As the only tech at triage, I’ve also got somewhere between one and thirty patients out in the waiting room, so if I don’t get that ECG signed right after it’s performed, I’ll get distracted myself and occasionally forget. It’s a lose-lose situation.

Maybe it’s just the practice at the hospital I worked at, but I think we’d make more progress at reducing interruptions by investigating a stricter triage protocol for ECGs. Though the rate of “normal” ECGs in this study was 26%, in my experience it’s somewhat uncommon to see a tracing with the words “Normal ECG” printed at the top in the ED (I’m just making this up, but I’d guess something < 10% at triage).

It’s not the “normal” ECGs that are weighing on my physicians.

I believe a bigger burden comes from ECGs that are read as “abnormal” in some way by the computer but were not indicated in the first place and do not change the patient’s management in the waiting room. If we could cut back on the number of triage ECGs that are performed on low-risk patients with non-cardiac complaints, I think that would make a bigger dent in reducing interruptions.

But I digress…

While seeing the computer spit out “Normal ECG” certainly stratifies a patient as lower risk, it’s not the same as “no risk.” That’s a problem, because triage ECGs are (or should be) performed in a moderate-to-high risk population with complaints suggestive of an acute cardiac process. In that cohort, the negative LR suggested by this study won’t “rule-out” concerns as well as it would in a general ED population getting ECGs as part of their routine workup.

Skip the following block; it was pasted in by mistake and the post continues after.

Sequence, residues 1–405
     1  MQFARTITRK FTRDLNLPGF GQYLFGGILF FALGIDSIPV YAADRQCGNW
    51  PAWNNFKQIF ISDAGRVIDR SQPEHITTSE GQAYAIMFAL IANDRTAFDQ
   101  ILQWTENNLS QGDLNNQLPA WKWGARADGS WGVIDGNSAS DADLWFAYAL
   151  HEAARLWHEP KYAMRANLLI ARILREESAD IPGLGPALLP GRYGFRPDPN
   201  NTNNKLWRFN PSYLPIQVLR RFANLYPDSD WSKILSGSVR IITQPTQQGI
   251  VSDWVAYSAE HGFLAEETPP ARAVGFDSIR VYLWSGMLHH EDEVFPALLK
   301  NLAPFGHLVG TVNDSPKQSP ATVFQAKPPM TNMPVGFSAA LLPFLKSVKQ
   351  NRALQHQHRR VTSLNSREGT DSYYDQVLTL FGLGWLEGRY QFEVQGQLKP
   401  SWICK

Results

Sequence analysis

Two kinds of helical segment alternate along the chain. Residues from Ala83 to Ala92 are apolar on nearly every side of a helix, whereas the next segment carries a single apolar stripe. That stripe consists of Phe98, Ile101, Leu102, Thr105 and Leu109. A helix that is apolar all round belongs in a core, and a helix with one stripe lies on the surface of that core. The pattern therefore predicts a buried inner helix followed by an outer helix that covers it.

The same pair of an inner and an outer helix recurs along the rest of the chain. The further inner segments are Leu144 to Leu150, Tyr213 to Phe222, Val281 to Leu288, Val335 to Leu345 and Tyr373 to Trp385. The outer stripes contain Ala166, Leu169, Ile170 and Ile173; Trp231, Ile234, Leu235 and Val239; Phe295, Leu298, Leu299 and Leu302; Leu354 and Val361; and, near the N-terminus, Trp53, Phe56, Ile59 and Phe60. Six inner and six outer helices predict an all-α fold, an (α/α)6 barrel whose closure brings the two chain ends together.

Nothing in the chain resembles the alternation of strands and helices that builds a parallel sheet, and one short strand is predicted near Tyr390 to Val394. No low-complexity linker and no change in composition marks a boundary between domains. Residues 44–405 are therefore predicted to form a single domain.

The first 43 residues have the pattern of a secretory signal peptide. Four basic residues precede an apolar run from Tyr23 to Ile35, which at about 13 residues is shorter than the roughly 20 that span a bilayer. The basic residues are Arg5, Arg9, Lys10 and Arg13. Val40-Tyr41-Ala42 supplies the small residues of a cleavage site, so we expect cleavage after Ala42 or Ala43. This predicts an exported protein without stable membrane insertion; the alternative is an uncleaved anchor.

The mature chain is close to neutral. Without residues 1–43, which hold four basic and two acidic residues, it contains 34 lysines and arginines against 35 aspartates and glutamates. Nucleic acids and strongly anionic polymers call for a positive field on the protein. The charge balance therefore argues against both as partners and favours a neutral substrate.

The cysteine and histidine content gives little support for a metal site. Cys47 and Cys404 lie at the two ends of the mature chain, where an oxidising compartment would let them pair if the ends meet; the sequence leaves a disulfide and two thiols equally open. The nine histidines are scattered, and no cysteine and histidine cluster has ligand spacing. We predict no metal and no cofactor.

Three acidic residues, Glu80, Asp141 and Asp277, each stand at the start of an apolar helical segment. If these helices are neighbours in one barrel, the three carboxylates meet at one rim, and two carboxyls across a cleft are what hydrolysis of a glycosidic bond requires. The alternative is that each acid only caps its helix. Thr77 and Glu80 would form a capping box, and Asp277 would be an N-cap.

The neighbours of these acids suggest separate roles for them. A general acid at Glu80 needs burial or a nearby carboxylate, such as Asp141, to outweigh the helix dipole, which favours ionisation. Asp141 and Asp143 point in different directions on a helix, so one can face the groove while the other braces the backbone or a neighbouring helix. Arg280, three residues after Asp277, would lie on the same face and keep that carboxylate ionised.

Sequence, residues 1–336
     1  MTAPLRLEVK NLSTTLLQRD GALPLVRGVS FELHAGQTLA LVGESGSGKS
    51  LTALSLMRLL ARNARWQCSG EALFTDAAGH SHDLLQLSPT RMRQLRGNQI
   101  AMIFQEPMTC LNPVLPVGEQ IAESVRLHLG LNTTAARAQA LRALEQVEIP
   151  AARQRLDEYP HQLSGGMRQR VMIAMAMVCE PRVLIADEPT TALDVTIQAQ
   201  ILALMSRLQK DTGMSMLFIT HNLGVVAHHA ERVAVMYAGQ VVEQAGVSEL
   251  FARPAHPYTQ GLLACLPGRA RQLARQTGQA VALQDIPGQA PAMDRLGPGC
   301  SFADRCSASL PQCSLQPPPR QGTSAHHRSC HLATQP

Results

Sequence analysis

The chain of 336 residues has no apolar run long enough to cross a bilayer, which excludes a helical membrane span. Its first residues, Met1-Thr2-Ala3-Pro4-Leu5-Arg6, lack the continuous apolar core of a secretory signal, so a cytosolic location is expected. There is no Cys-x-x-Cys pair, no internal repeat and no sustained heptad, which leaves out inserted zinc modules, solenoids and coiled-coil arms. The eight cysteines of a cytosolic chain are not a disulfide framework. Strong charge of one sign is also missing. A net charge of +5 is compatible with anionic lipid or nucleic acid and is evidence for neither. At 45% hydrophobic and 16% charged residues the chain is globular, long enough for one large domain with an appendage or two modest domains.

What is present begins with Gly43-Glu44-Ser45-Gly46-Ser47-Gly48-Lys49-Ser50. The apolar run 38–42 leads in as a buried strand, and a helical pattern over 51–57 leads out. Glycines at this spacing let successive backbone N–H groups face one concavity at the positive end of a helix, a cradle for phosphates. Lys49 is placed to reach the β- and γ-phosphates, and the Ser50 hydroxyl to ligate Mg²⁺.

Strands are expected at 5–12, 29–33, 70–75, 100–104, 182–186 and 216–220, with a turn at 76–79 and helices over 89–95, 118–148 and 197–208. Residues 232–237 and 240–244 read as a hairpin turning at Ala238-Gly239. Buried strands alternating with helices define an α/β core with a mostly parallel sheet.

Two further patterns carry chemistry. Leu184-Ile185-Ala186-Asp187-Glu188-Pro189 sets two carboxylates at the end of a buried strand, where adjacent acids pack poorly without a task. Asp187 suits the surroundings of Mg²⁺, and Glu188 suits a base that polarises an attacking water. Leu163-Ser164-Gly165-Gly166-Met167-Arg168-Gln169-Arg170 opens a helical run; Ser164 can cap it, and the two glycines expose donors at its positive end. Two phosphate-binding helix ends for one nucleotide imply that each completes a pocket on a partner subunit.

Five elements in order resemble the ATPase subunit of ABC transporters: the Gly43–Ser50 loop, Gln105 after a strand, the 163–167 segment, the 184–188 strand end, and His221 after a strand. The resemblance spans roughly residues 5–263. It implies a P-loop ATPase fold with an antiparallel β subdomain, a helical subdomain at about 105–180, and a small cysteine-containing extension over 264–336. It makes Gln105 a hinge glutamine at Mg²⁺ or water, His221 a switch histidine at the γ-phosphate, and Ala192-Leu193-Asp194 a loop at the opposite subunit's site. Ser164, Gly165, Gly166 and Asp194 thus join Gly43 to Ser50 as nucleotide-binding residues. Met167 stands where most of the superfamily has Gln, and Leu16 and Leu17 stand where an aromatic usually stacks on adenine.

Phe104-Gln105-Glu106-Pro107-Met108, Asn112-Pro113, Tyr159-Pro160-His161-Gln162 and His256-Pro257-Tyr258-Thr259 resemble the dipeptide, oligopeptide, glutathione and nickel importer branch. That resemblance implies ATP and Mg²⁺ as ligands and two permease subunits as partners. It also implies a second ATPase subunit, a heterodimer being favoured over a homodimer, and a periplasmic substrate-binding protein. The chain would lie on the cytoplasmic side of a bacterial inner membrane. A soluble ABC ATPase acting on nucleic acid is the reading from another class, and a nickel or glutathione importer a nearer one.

As Dr. Steve Smith summarizes in his post on the topic, “Computer algorithms that make the diagnosis of ‘normal’ are usually correct, but is usually good enough?”

We don’t have an answer, and I don’t expect to make any headway on that issue with this blog post, but I thought it would be interesting to share a few subtle STEMIs from my collection that were read as normal by the computer.

It’s not data, and certainly not scientific, but it’s interesting (to the folks who like ECGs, at least).

Enjoy!

 

References

  1. Hughes KE, Lewis SM, Katz L, Jones J. Safety of Computer Interpretation of Normal Triage Electrocardiograms. Acad Emerg Med. 2017;24(1):120-124. doi: 10.1111/acem.13067

ECG Mixtape: Vol. 2

Welcome to the second installment in our ECG Mixtape series! It looks like this will be an irregular publication while we streamline our process of picking cases and getting permission to reproduce them. Enjoy!

Pick of the Week

This weeks top pick comes from cardiologist Dr. Gianni Manzo in São Paulo, Brazil, who shared this case on the Figure 1 app [note: the app and site require free registration to view cases].

A 78 year old male presented with a chief complaint of “oppressive” chest pain. The patient’s past cardiac history was significant for coronary artery bypass graft (CABG) surgery and pacemaker. The following ECG was obtained on arrival.

It shows an AV-sequential paced rhythm at approximately 70 bpm (probably a DDDR pacemaker). Most folks would just end their interpretation there (and the machine certainly will), but there’s a lot more to see on this tracing… like an infero-posterior STEMI!